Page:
5

I am searching for a way to alternately change the format of words in a piece of text.

Like so: This is an short example

I thought you could step a counter after every word and format words with even numbers the one way and the rest the other way. But I have no clue how to actually do that.

Just in case you are wondering why the hell I would want to do that: I want to use this to reformat a whole book from the gutenberg project. Words should alternately be formated like described in my old thread. Long story short: I hope to speed up the process of inducing graphemic synesthesia this way.

  • What have you tried? How do you want to use this? For a whole document? For a paragraph? For a few words? – cfr Nov 26 '16 at 2:58
  • Currently I only searched for solutions, but I couldn´t find anything that comes close to my problem. – AstronAUT Nov 26 '16 at 3:14
8

This method can work on multiple paragraphs, and will always start the new paragraph in italics and then alternate with bold thereafter.

EDITED to define the two styles in user-settable macros \styleA and \styleB.

REEDITED so that \styleA doesn't have to undo \styleB and vice-versa.

\documentclass{article}
\newcounter{stylecount}
\def\styleA{\itshape}
\def\styleB{\bfseries}
\newcommand\altstyle[1]{\altstylepar#1\par\relax}
\long\def\altstylepar#1\par#2\relax{\setcounter{stylecount}{0}%
  \altstylehelp#1 \par%
  \ifx\relax#2\relax\else\par\altstylepar#2\relax\fi}
\long\def\altstylehelp#1 #2\par{%
  \stepcounter{stylecount}%
  \bgroup\ifnum\thestylecount=1\relax\styleA\else%
    \setcounter{stylecount}{0}\styleB\fi%
  #1\egroup%
  \ifx\relax#2\relax\else\ \altstylehelp#2\par\fi%
}
\begin{document}
\altstyle{This is a test.

And another test.

And finally a third paragraph.}

\end{document}

enter image description here

To use "style" macros that take an argument, this variant of the above answer would be such a way:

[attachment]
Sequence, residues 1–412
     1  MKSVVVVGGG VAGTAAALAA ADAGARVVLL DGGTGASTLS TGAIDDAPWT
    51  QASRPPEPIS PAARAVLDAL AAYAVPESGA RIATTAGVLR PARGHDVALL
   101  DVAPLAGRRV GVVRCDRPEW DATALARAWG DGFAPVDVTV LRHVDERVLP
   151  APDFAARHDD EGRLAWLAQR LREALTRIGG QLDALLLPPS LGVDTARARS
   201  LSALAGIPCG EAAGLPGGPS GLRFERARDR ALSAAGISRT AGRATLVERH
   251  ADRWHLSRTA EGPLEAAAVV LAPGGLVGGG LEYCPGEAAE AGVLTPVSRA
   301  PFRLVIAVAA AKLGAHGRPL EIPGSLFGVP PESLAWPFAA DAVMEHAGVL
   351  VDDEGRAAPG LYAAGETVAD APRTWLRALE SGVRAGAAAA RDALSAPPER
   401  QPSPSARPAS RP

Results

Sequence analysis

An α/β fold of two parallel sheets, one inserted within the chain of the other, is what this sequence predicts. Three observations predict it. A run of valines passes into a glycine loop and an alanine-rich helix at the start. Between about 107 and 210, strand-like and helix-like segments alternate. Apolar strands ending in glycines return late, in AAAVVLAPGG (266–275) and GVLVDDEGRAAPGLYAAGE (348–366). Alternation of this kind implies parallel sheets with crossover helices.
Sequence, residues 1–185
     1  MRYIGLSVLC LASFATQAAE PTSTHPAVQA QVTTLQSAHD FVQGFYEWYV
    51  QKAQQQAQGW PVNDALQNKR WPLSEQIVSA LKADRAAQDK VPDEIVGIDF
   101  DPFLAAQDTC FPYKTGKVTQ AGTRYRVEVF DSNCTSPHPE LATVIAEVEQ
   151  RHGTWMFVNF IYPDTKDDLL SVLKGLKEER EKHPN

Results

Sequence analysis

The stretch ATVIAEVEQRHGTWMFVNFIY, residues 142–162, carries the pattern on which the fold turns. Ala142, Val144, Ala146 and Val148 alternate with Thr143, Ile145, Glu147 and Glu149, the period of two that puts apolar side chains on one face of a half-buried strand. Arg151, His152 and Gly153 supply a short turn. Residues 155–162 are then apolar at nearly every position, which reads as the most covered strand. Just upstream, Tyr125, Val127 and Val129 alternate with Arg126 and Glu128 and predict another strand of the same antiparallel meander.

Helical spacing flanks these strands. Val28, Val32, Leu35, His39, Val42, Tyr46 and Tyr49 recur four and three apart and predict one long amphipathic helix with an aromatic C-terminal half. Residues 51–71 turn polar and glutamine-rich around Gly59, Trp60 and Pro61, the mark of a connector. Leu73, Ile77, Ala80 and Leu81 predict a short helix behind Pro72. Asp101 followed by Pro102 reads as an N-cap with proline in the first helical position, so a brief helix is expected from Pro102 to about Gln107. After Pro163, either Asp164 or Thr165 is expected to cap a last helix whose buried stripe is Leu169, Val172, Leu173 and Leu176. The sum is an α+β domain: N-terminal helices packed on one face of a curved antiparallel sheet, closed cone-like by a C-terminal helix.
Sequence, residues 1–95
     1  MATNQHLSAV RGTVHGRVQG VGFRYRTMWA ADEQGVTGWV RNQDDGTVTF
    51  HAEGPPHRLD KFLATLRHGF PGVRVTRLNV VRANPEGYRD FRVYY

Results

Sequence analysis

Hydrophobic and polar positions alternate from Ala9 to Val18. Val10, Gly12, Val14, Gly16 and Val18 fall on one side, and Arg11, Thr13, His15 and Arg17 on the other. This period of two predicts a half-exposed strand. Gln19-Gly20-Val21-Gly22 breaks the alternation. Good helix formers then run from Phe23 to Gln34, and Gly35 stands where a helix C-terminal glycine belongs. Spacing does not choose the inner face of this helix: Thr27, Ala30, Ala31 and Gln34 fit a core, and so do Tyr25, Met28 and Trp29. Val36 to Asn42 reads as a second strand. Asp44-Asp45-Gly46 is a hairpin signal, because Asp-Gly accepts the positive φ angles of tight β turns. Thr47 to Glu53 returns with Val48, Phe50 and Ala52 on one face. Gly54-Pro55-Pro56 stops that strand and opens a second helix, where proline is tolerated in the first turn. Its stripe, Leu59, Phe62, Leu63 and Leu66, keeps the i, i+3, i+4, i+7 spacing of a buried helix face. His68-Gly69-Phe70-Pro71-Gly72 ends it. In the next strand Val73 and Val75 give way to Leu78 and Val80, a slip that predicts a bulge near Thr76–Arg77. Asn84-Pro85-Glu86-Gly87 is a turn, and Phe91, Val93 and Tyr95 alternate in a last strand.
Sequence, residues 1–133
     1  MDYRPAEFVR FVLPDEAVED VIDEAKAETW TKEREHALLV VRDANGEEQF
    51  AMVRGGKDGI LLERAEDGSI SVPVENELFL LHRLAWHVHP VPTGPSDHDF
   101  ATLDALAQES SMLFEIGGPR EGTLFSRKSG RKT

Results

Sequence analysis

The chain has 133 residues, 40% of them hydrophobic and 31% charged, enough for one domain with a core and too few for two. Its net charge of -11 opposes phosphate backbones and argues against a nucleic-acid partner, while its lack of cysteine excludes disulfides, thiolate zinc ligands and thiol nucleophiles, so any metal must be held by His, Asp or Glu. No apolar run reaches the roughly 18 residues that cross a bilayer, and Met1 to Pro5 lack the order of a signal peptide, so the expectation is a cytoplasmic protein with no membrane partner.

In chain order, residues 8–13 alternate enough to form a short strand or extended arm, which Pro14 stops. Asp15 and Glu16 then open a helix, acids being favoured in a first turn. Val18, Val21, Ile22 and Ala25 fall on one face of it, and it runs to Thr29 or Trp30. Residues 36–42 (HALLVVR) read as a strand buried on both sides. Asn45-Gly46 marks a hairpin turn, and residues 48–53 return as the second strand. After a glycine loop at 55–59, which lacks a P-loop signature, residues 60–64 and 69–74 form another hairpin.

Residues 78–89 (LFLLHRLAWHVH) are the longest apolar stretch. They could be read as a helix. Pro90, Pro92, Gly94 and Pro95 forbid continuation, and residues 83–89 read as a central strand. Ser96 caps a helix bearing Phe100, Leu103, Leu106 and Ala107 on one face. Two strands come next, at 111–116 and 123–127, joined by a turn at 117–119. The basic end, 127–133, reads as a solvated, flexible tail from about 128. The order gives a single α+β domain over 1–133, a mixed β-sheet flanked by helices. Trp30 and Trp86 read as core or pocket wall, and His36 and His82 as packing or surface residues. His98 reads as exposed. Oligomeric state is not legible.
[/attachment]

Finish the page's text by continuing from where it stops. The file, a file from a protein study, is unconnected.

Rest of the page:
\documentclass{article}
\newcounter{stylecount}
\def\styleA{\textit}
\def\styleB{\textbf}
\newcommand\altstyle[1]{\altstylepar#1\par\relax}
\long\def\altstylepar#1\par#2\relax{\setcounter{stylecount}{0}%
  \altstylehelp#1 \par%
  \ifx\relax#2\relax\else\par\altstylepar#2\relax\fi}
\long\def\altstylehelp#1 #2\par{%
  \stepcounter{stylecount}%
  \bgroup\ifnum\thestylecount=1\relax\styleA{#1}\else%
    \setcounter{stylecount}{0}\styleB{#1}\fi%
  \egroup%
  \ifx\relax#2\relax\else\ \altstylehelp#2\par\fi%
}
\begin{document}
\altstyle{This is a test.

And another test.

And finally a third paragraph.}

\end{document}
  • Wow. I was just working on something based on etoolbox list processing, but I couldn't find a solution that actually worked with white space as a list separator. This is much better. If I might make one little suggestion, it would be to split out the definitions of the alternating formats, so that one does not have to delve into the middle of things to change them. – Michael Palmer Nov 26 '16 at 3:40
  • 1
    @MichaelPalmer I have broken out those definitions as \styleA and \styleB by way of EDIT. – Steven B. Segletes Nov 26 '16 at 3:47
  • That works well, but how do I use a macro (like \textit{}) instead of an environment (like itshape) to define the style? – AstronAUT Nov 26 '16 at 4:31
  • @AstronAUT \itshape is a macro. It just doesn't take an argument. – cfr Nov 26 '16 at 4:42
  • ohh, did not know that. Then how do I use a macro that takes text as an argument? – AstronAUT Nov 26 '16 at 4:45
8

A Plain TeX solution. THanks to Steven Segletes for showing me how to wrap the catcode assignment in a command.

\newcount\bold
\bgroup
\catcode`\ =\active
\gdef {\rm\ifnum\bold=1\bf\bold=0\else\it\bold=1\fi\ }
\egroup
\def\funkyon{\bgroup\bf\catcode`\ =\active}
\def\funkyoff{\egroup}

\funkyon

This is funky format text with alternating bold and italic.
We built a state machine and then turned the space character
into a command that toggles the state values.

\funkyoff

more text
\bye
  • 1
    That's a pretty inventive approach. +1 – Steven B. Segletes Nov 26 '16 at 3:48
  • Is \mdseries a plain TeX command? – Steven B. Segletes Nov 26 '16 at 3:53
  • I hope you don't mind my edit of your answer. – Steven B. Segletes Nov 26 '16 at 4:11
  • 2
    @StevenB.Segletes Thanks for the assist! I incorporated your approach and optimized the code a bit. – musarithmia Nov 26 '16 at 4:17
7

This is based on David Carlisle's answer to your earlier question.